Bristol Myers Squibb and bluebird bio return to FDA; Takeda gets a breakthrough nod
More than two months after the FDA slammed Bristol Myers Squibb and bluebird bio with a suprise refuse-to-file on their “ide-cell” CAR-T therapy, the pair of developers have resubmitted their application.
The new application comes just in time to keep the contingent value rights from the Celgene deal alive. The “ide-cell” was one of the therapies Bristol Myers picked up in the monster acquisition and one of three therapies that have to be approved by early next year to gain every Celgene shareholder $9. Mizuho analyst Salim Syed estimated that Bristol Myers would have to resubmit by July 31 — tomorrow — to get an FDA decision on time.
The FDA initially spurned the application over CMC issues. Such issues have dogged bluebird for years, delaying therapies that have otherwise looked promising in the clinic, including their gene therapy for sickle cell anemia.
Takeda gets a breakthrough designation in MDS
Takeda R&D chief Andy Plump has been eager to burnish the company’s top drug prospects in the wake of the Shire acquisition and reorganization. And now he’s getting some help from the FDA.
The agency has stamped their “breakthrough therapy designation” on pevonedistat for higher-risk myelodysplastic syndromes, or HR-MDS. This is a NEDD8-activating enzyme inhibitor and if it works as planned, will be the first drug for HR-MDS to come along in quite some time.
The agency was won over by Takeda’s Phase II data on the drug.
“Higher-risk MDS is associated with poor prognosis, diminished quality of life and a higher chance of transformation to acute myeloid leukemia, another aggressive cancer. The combination of pevonedistat and azacitidine is a promising therapeutic approach with the potential to be the first novel treatment advancement for higher-risk MDS in more than 10 years,” said Christopher Arendt, who heads Takeda’s Oncology Therapeutic Area Unit.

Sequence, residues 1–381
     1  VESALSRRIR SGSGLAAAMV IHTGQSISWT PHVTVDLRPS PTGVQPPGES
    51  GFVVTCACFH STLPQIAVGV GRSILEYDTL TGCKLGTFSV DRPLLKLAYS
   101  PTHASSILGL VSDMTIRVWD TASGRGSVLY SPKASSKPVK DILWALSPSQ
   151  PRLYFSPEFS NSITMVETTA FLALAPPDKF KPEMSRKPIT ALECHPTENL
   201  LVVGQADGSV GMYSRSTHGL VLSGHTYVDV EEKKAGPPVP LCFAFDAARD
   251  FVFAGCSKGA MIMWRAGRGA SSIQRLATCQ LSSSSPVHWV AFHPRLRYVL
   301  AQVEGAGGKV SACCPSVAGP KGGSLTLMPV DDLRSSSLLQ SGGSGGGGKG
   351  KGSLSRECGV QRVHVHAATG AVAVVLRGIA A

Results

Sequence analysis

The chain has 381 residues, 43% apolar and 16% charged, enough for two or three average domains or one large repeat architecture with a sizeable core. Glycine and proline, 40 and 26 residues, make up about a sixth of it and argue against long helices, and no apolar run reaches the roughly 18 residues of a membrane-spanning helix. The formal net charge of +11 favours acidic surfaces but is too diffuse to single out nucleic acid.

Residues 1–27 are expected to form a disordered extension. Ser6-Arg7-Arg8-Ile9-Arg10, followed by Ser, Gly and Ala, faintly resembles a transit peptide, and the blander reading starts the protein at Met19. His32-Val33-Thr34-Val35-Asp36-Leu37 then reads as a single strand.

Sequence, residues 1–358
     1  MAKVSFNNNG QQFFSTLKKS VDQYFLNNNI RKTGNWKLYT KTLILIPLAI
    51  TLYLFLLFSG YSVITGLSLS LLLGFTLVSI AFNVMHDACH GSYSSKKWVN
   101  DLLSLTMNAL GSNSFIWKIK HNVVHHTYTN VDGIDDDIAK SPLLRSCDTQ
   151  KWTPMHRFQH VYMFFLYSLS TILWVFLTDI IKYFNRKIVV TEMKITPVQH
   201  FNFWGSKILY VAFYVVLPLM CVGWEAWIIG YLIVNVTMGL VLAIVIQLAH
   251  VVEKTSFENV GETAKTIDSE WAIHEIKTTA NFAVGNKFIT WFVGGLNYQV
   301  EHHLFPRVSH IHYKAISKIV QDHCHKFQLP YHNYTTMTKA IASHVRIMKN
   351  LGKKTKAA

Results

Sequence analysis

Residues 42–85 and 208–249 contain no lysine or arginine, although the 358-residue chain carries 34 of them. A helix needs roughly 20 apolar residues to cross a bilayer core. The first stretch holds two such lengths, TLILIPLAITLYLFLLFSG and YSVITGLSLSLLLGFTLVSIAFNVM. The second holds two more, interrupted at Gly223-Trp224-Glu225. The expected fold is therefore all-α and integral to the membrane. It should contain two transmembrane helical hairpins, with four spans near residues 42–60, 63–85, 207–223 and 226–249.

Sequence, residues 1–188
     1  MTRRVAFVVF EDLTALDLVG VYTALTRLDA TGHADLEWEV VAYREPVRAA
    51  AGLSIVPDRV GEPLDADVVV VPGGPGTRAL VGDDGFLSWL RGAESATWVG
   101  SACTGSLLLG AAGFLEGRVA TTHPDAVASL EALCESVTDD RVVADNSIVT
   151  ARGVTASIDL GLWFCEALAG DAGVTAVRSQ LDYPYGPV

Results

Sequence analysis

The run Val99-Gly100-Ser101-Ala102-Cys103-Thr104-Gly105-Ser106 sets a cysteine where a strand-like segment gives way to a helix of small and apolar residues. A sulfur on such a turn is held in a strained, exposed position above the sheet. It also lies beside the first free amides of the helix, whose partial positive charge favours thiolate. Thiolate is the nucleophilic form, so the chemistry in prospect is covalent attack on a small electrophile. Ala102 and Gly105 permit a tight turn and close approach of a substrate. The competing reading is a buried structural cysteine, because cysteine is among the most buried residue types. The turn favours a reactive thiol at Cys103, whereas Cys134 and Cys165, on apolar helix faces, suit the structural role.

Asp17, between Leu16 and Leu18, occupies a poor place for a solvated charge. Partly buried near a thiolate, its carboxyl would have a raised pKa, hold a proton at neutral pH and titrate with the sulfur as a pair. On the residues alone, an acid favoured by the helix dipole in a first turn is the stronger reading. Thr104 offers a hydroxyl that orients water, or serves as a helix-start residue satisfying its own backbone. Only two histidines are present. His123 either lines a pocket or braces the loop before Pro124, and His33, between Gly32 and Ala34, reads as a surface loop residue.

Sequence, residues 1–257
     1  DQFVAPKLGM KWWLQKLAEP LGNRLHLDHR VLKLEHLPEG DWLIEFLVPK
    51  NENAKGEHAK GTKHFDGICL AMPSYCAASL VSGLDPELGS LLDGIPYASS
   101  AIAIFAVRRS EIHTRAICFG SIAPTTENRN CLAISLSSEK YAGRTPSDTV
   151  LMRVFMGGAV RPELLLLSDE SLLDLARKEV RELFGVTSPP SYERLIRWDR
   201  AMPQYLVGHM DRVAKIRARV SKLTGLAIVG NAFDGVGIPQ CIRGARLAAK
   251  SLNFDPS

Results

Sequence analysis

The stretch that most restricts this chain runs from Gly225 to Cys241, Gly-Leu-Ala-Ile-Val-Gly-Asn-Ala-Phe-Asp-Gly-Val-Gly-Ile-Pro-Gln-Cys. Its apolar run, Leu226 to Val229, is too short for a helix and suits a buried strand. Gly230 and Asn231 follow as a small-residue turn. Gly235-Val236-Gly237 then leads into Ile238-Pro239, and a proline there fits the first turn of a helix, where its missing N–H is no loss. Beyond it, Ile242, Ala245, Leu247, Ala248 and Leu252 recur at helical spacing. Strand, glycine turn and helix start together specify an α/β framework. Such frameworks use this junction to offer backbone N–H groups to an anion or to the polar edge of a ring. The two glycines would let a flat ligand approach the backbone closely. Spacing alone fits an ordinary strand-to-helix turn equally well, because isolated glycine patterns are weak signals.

Another priority review for an Ebola antibody
A day after Regeneron announced a nearly $350 million contract from BARDA to supply the government with their Ebola antibody cocktail, Ridgeback Biotherapeutics announced that the FDA had accepted an application for approval for their Ebola antibody and given it priority review.
Ridgeback’s antibody — known as mAb114, ansuvimab or simply “the NIH antibody” — and Regeneron’s antibody cocktail were the two drugs that proved effective in last year’s NIH ebola trial, beating out the ZMapp antibody and the Gilead antiviral remdesivir. Unlike Regeneron, Ridgeback did not develop the antibody but rather licensed it from the NIH, which had developed it in partnership with the Institute for Biomedical Research in Switzerland.
mAb114 received FDA breakthrough designation last year. Ridgeback did not disclose a PDUFA date. Regeneron is expecting a decision on their antibody by October 25.
Genocea announces “positive” cancer vaccine results, stock falls
Neoantigen biotech Genocea announced what it called “positive preliminary results” from its lead cancer vaccine, but investors were evidently unimpressed, dropping the company’s stock $GNCA 34%, from $4.97 to $3.28.
The company reported that three of five patients had a RECIST response — an improvement in a score for solid tumors — in their Phase I/IIa study. Patients were given checkpoint inhibitors plus the neoantigen vaccine. Genocea said they saw an “acceleration of shrinkage beyond that” seen in checkpoint inhibitors alone, but the company did not include a control group for the trial, so it’s difficult to draw major conclusions.